Event Title

Assessing Vegetation Change on Watershed Water Yield: An Interdisciplinary Research Program at USU

Presenter Information

Ronald Ryel

Location

Eccles Conference Center

Event Website

http://water.usu.edu/

Start Date

3-27-2006 4:15 PM

End Date

3-27-2006 4:30 PM

Description

Changes in vegetation composition and structure since the arrival of European settlers have been widespread in the Intermountain West. Loss of aspen forests to conifers and replacement of grass/shrub-steppe with pinyon-juniper forests and cheat grass are widespread vegetation changes that have occurred over the past century. Changes in forest composition are very evident in Utah, where the cover of quaking aspen has declined by an estimated 60%, with replacement largely by conifers. Concomitant with this loss of aspen has been a hypothesized loss of watershed water yield and changes in other resource values. An interdisciplinary research program at USU is looking at the importance of conifer encroachment into aspen stands as related to watershed water yield. Research is being conducted to assess how changes in snow accumulation, ablation, transpiration, and soil moisture recharge will affect surface water yield. In addition, the program is assessing the ecological consequences of both losing aspen and attempts to regenerate aspen.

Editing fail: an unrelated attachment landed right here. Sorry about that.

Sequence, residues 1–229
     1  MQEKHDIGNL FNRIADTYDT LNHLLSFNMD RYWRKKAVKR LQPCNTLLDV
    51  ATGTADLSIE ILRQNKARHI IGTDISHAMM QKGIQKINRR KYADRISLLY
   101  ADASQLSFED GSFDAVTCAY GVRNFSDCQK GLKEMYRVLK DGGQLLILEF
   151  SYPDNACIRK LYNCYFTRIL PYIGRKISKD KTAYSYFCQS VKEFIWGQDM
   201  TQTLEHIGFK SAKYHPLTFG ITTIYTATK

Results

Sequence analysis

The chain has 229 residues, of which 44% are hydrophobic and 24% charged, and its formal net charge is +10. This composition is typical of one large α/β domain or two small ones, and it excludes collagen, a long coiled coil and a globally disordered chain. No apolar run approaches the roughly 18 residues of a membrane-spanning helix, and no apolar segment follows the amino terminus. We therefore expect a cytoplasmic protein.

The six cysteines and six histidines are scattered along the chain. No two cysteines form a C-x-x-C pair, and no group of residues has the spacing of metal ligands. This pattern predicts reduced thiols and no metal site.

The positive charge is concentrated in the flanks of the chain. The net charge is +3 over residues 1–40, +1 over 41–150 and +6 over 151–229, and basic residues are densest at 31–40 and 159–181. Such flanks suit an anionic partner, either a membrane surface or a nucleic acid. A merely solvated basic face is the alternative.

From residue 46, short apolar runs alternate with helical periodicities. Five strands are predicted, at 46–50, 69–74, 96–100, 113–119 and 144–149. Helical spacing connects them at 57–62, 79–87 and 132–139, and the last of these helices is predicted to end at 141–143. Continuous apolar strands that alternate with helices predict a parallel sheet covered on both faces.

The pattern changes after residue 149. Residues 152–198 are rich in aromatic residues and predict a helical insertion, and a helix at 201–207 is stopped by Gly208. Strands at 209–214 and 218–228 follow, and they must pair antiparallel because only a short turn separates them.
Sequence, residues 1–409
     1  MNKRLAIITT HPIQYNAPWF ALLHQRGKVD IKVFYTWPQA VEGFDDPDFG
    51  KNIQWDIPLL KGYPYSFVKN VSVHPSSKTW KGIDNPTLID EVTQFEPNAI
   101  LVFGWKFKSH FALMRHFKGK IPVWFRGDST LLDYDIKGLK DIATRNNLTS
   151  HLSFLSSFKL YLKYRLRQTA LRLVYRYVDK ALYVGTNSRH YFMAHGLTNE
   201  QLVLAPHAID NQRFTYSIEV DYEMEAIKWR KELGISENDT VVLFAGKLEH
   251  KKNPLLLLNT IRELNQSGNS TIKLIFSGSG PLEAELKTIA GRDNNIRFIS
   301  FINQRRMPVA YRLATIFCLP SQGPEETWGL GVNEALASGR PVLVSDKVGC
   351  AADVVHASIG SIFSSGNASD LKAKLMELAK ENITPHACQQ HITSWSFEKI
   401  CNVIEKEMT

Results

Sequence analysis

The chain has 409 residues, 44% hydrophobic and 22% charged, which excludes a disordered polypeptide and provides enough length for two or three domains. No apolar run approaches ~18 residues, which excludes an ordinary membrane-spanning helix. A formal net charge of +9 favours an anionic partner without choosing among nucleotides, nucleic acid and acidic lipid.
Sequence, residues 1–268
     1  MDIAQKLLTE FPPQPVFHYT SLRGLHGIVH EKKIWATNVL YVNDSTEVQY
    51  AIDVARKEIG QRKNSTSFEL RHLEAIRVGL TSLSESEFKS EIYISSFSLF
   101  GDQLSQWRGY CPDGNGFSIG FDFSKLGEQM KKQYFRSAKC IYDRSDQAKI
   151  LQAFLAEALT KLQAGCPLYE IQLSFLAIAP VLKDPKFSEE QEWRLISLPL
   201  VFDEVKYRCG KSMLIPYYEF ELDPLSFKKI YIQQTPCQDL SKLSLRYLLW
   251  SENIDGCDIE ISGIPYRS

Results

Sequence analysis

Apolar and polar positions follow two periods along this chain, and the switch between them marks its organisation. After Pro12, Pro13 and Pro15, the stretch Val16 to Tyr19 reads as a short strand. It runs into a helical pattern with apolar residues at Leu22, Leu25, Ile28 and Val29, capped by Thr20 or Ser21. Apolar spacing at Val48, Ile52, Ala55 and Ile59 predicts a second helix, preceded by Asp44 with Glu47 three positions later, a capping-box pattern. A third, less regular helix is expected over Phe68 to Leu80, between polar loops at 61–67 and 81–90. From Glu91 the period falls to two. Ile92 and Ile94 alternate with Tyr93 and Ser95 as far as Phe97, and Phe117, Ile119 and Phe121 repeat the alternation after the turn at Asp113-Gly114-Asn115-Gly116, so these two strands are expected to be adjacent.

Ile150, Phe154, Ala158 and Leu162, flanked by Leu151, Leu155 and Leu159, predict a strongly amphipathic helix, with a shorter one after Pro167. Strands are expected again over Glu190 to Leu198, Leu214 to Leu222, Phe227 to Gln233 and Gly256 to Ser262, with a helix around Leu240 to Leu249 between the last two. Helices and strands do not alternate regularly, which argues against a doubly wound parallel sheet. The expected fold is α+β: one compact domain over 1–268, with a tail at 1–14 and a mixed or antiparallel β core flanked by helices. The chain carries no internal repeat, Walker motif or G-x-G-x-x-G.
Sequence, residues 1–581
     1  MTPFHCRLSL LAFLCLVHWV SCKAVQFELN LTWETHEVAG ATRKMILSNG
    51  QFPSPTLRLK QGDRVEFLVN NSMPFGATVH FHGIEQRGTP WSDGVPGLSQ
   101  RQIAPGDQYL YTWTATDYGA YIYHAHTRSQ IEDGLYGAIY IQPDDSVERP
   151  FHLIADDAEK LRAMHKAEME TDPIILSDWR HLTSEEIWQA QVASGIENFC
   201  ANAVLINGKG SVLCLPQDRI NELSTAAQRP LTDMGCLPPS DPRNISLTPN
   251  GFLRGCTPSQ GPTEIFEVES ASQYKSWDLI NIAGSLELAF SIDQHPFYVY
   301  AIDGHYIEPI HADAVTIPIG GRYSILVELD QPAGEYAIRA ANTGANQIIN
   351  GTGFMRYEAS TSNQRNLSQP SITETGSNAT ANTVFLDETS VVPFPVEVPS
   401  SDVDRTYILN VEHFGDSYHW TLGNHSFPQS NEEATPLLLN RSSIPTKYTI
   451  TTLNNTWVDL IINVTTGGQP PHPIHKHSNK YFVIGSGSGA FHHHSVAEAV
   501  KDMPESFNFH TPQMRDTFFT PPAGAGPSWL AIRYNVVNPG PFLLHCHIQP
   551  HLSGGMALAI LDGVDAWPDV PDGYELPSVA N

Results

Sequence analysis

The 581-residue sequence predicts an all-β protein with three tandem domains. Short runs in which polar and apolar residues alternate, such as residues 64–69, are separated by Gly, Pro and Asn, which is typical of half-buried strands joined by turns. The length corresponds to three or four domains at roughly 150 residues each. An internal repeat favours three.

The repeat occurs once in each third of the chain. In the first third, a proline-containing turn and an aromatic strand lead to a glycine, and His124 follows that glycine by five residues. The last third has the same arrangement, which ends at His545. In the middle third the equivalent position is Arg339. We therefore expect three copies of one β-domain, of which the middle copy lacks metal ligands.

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Mar 27th, 4:15 PM Mar 27th, 4:30 PM

Assessing Vegetation Change on Watershed Water Yield: An Interdisciplinary Research Program at USU

Eccles Conference Center

Changes in vegetation composition and structure since the arrival of European settlers have been widespread in the Intermountain West. Loss of aspen forests to conifers and replacement of grass/shrub-steppe with pinyon-juniper forests and cheat grass are widespread vegetation changes that have occurred over the past century. Changes in forest composition are very evident in Utah, where the cover of quaking aspen has declined by an estimated 60%, with replacement largely by conifers. Concomitant with this loss of aspen has been a hypothesized loss of watershed water yield and changes in other resource values. An interdisciplinary research program at USU is looking at the importance of conifer encroachment into aspen stands as related to watershed water yield. Research is being conducted to assess how changes in snow accumulation, ablation, transpiration, and soil moisture recharge will affect surface water yield. In addition, the program is assessing the ecological consequences of both losing aspen and attempts to regenerate aspen.

https://digitalcommons.usu.edu/runoff/2006/AllAbstracts/45